Those are the types of problems that casting directors face, along with meeting the needs of the studio, writer and director. For example, writer-director Nancy Meyers wrote "The Holiday" (2006) as a romantic comedy with four specific stars in mind -- Cameron Diaz, Kate Winslet, Jack Black and Hugh Grant.
Diaz liked the script but had already decided to take a year off. Winslet didn't want to come to Hollywood to film while her children were in school in England. Black had a scheduling conflict, and Grant refused to take a role so similar to others he had played. Without these four stars, the movie's future became uncertain.
By the time the casting directors started working, Diaz had agreed to play the part. They went searching first for the other female lead, who needed to be British, beautiful, funny and of star quality. Maggie Gyllenhaal read well but wasn't British. Minnie Driver was British, but Meyers didn't see her in the part, and so on. Several months later, Winslet said she was now available, and luckily the shooting schedule change worked for Black, who also signed on.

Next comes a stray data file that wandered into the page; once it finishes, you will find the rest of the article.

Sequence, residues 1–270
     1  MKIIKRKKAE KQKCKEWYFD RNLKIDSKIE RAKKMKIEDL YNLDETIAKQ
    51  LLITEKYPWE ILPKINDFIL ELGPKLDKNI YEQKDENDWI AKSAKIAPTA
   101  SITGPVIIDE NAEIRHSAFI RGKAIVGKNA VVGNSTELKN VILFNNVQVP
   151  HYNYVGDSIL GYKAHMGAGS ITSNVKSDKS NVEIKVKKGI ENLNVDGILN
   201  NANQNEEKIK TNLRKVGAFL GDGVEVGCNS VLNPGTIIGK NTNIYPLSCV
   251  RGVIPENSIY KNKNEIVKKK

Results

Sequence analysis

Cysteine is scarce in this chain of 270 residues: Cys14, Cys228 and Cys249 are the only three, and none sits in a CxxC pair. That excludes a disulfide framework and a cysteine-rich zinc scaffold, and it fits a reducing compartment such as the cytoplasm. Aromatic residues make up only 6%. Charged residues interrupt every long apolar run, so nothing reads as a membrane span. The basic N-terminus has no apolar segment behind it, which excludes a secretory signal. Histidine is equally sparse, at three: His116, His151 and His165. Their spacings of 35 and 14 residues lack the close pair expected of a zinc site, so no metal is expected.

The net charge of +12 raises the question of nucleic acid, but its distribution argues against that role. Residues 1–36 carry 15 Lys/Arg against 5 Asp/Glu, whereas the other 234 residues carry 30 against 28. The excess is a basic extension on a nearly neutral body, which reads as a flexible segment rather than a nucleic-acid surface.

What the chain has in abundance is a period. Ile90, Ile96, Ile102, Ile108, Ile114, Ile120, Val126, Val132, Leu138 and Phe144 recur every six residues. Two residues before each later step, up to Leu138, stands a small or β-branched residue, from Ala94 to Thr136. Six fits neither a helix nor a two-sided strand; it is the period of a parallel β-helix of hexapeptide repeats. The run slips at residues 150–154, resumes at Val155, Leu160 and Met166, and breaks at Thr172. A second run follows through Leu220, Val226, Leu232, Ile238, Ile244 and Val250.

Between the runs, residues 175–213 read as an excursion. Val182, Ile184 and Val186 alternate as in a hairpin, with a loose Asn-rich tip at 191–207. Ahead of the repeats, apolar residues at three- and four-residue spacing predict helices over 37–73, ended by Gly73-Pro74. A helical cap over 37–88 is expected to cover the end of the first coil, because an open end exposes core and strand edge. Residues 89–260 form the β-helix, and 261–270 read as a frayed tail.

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That left the casting directors hunting for a charming, funny, handsome Hugh Grant replacement. They brought in Colin Farrell, Ewan McGregor, Clive Owen, Daniel Craig, Robert Downey Jr., Brendan Fraser and at least 20 more actors to read. Then, with time running out before the scheduled start of production, Meyers decided Jude Law was the best choice. With the stars set, the movie was a go [sources: Hirschenson and Jenkins].
Casting the right stars definitely can save a movie. But what else do casting directors do? And what skills do you need to become one? Let's look first at the responsibilities of a cast director.